“Others, on the other hand, have become like this because from here they have been made to pay a high price, not only in money. They have felt punished, subject to prohibitions and separations, forced to pay a personal fine that is unfair and onerous, just for having decided to try their luck elsewhere. It does not matter that the economic and family origin of emigration has been officially recognized, it continues to be cultivated insensitively among many of those who with a grudge, whose cost exceeds all collections and short-term accounting, because it leaves an indelible mark on people, and by the same, in the real body of the nation. The price of that enmity, naturally, is inestimable….
“If you were an artist or a writer, you wouldn’t have the dilemma of staying here forever or leaving forever. You could decide to work outside for years, and finally return to your place, to leave whenever you want, as many have done. Or continue there, keeping in touch and collaborating with projects here, returning again and again, as others do. The truth is that most of our artists and writers have not left the country permanently. If it were only about strictly economic terms, it is clear that, for the interests of the country, their value as human capital is many times higher than the migratory taxes. That alternative policy has borne fruit not only for them, but for all of us….
“If you were asked about your feelings as a Cuban, you might say that you are proud that we are the way we are, of our cultural heritage, traditions, struggles for independence, beliefs, values, patriotism. You see that your apoliticism is very doubtful, whatever they say or what you think of yourself.
“Now then, it is probably very convenient for you to connect directly with the realities of the world, and learn about them on your own, something that is difficult to achieve only with the Internet, the satellite TV or the mp3. Leaving Cuba, in addition to trying your luck, gives you the chance to grow on that side. Nothing contributes more to political education than traveling, getting to know other people and cultures, foreign values and beliefs, living directly and even experiencing the problems of others, to realize where one is. If you had had the opportunity to travel and come back, again and again, the context in which you would make your decision now would be different.”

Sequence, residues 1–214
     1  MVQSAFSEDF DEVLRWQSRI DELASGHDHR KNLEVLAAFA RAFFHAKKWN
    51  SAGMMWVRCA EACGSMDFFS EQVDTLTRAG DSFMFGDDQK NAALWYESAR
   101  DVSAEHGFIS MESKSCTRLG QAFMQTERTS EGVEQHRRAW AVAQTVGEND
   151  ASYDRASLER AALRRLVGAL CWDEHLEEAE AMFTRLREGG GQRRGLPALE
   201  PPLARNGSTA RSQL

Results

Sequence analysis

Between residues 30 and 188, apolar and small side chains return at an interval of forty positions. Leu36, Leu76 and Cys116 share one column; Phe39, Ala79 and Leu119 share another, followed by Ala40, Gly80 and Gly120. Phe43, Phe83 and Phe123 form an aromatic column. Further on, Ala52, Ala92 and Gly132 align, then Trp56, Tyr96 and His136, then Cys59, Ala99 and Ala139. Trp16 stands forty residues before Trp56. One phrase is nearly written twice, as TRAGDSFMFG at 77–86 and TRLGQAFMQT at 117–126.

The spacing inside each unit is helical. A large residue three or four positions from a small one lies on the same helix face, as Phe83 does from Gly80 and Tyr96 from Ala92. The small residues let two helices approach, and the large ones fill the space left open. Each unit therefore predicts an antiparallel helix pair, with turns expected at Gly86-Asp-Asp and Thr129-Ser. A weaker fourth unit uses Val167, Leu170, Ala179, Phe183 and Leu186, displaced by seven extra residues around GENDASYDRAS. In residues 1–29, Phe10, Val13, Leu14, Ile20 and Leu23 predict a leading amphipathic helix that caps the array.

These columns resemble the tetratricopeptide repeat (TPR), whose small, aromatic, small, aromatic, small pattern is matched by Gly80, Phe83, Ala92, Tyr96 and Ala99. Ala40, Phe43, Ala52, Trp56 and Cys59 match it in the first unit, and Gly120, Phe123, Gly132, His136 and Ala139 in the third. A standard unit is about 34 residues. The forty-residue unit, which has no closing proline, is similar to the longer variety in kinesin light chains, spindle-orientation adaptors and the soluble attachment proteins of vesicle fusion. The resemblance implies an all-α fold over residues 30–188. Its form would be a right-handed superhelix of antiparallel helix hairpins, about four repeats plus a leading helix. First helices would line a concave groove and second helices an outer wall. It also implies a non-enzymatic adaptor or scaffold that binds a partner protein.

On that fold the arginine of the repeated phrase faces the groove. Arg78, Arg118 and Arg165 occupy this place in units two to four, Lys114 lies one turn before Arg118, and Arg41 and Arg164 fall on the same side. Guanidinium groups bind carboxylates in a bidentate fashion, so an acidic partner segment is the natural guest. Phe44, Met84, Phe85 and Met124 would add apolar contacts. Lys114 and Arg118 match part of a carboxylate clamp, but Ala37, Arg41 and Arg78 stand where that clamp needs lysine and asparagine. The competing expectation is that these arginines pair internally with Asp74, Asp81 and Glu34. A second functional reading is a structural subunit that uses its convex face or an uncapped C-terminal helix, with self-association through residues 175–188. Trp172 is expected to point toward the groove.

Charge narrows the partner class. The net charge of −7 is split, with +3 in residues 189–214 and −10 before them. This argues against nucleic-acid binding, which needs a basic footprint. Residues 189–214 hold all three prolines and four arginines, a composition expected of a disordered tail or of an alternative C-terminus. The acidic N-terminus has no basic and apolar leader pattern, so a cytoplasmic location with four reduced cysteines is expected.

These words, written in Havana, had, despite everything, other ears, not at all complacent. The reply that touched me the most was that of a young man of the same age, also from Europe: “I left and I don’t intend to return. It is in the empire that I was banned from so much that I feel most Cuban. If I’m not here, it’s not my fault, it’s theirs. I will defend the system where I currently live, because it represents me. Not because I’m happier, but more citizen. How glad I am that you are writing this to me, it is a sign that in the end we realize that something is not working, even if they do not admit it.”
After ten years, I’m glad I met him yesterday. He has returned. In the next column I will share, with his permission, our conversation.